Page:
How Spotify Crushed a $200 Million Songwriter Lawsuit…

$5 million later, Spotify seems to be walking away clean.

It now looks like Spotify is soundly defeating a $200 million class action lawsuit initiated by angry songwriters and publishers.  Initially, Spotify faced a scary, $150 million class action lawsuit driven by longtime artist advocate David Lowery, an estimate that ultimately trickled upward towards $200 million.  But quick-n-crafty dealmaking with larger publishers, the National Music Publishers Association (NMPA) and the Harry Fox Agency (HFA) appear to be attracting a critical mass of participating publishers, and deflating a mob of angry litigants.

Already, competing class actions involving two separate lawsuits have been combined, an initial sign of weakness amidst questions of broader participation.  Now, one class action could be quickly moving to zero class action lawsuits.

The class action itself surrounded non-payments of mechanical licenses by Spotify, a specific license that seemed to be overwhelmingly ignored by the streaming giant.  That was a huge whoops, intentionally or otherwise, though not a life-ending blow.  Just this morning, NMPA president David Israelite confirmed that an overwhelming number of publishers were opting into a voluntary agreement on the matter, one first reported by Digital Music News in early March.

Importantly, that voluntary agreement includes a promise not to participate in any legal action, which includes the ongoing class action.  See how this works?

Emails from 2014 Show Spotify Was Aware of Royalty Payout Problems

The participation numbers, if correct, put the class action in severe jeopardy.  In an email to Digital Music News, Israelite indicated that 96% of NMPA members had already opted into the agreement.  “Over 96% of the music publishing community, as measured by NMPA Market Share, have opted-in to the Spotify settlement,” Israelite confirmed.

Which brings us to a basic math calculation.  Since 96% basically means ‘everyone,’ and the NMPA represents a massive chunk of the overall publishing community, that leaves a dramatically reduced group of eligible participants in the Lowery-led suit.  “I cannot answer definitively what percent of publishers belong to NMPA, but I can state that the vast majority of music publishers are members and every commercially relevant publisher is a member to the best of our knowledge,” Israelite continued.  “I am not aware of any music publisher that would represent at least 1% of the commercial market who is not a member.”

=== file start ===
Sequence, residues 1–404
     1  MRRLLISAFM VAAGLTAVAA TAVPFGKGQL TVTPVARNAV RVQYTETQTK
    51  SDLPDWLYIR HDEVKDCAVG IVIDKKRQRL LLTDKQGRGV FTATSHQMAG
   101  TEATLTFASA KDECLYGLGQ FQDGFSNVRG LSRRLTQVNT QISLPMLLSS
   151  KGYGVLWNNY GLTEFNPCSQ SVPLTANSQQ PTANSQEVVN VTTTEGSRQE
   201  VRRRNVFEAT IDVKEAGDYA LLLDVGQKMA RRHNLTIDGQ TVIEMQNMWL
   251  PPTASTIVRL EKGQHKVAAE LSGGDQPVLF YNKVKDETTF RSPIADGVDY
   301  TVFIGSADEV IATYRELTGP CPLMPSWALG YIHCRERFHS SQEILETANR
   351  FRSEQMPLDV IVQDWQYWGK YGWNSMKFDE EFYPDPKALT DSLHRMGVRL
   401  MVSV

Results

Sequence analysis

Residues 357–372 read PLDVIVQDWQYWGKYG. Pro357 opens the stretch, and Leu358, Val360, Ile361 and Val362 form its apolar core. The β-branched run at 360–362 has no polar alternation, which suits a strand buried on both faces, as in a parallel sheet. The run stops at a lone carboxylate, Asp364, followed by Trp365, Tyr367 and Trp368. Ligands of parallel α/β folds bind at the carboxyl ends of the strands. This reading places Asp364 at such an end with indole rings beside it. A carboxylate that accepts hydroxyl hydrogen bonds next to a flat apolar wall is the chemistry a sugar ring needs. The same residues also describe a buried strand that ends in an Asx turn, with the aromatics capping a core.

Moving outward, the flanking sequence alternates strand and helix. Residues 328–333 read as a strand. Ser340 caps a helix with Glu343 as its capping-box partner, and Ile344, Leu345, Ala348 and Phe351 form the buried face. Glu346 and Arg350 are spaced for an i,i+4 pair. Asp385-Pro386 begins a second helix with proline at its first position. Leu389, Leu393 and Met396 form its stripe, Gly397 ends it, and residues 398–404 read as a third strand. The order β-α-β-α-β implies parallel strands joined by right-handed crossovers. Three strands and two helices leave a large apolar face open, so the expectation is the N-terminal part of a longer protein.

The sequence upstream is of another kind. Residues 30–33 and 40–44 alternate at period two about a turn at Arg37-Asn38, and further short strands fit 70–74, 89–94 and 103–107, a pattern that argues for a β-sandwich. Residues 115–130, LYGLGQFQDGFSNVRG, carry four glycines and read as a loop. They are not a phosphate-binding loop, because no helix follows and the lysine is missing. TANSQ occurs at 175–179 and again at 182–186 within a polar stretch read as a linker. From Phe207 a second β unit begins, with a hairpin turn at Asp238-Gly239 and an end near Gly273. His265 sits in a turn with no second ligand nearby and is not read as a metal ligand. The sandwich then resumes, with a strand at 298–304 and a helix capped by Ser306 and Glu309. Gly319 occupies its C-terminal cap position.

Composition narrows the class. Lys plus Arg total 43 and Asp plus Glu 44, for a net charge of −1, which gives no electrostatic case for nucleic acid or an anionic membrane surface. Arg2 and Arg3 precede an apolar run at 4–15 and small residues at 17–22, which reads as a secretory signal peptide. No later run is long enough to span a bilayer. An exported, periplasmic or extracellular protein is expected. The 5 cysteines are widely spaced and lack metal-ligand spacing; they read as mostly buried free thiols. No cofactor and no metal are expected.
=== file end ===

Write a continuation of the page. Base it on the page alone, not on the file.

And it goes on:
The settlement itself involved a one-time, $5 million penalty for Spotify, as well as a $25 million fund to handle previously unpaid mechanicals.  And here’s where this gets even more tricky for publishers straddling the line: if any amount of that $25 million isn’t claimed, the remainder gets parceled out to the publishers and songwriters participating in the NMPA-structured deal.  That makes joining the class action a far dicier bet, especially since the payout could reasonably be $0.

In terms of what publishers are opting into, here’s a quick summary of the terms:

(a) The settlement calls Spotify to create a dedicated matching interface for publishers and songwriters to properly pair their recordings with their publishing rights.  This has been a major complaint by Spotify, which has argued that songs are not being supplied with accurate data on who owns what, and who should be paid.

(b) After those matches are made and verified (via Spotify and/or the NMPA), unreleased and unpaid mechanical licensing money will be remitted.  These unpaid royalties will be cumulative to the first unpaid stream (potentially dating back to 2007-8).

(c) Updated rights information will then be shared with the Harry Fox Agency, or HFA, which administers mechanical licensing for Spotify.  That updated information will in turn be shared with other HFA partners, specifically other on-demand streaming services, to facilitate the proper payout of previous mechanical royalties.

(d) After a certain period, unclaimed mechanical publishing royalties will be paid to the NMPA, and divided among NMPA members based on total market share.  According to that plan, smaller songwriters and publishers would miss payments entirely if not apprised of the plan.

(e) At this stage, we’re still unclear if this updated rights data will be shared with other agencies that handle mechanical rights licensing, including Music Reports, Inc., or YouTube-owned Rightsflow.  Separately, Apple has started contracting with MRI to help administer its royalties for Apple Music, a partnership that appeared to be layered on top of an existing agreement with HFA.

(f) As part of the settlement, Spotify will be assessed a one-time penalty of $5 million.  That, coupled with participation in the settlement, will absolve Spotify of any future liability litigation, at least among participating publishers and songwriters (and possibly, all NMPA members).

(g) Any publisher or songwriter that opts into the NMPA-structured agreement waives any rights to sue Spotify for mechanicals.  Participation in any class action, specifically the class action started by David Lowery, is barred.

More as this develops.  

7 Responses

  1. Troglite

    At first blush, this seems pretty straight forward.

    Major publishers received preferential treatment within the NMPA settlement. Those publishers represent 95%+ of the commercially relevant compositions in the marketplace. When those major publishers choose to accept the NMPA settlement, it effectively harms or limits the choices that are realistically available to the thousands of small independent songwriters representing the remaining 5%- of all relevant compositions. Independents are getting screwed.. and from where I sit, it doesn’t look accidental.

    • Simon Fowl

      exactly – not from where I am sitting either!

  2. Anonymous

    Of course the NMPA is happy. Their members are getting a bunch of money that isn’t really theirs.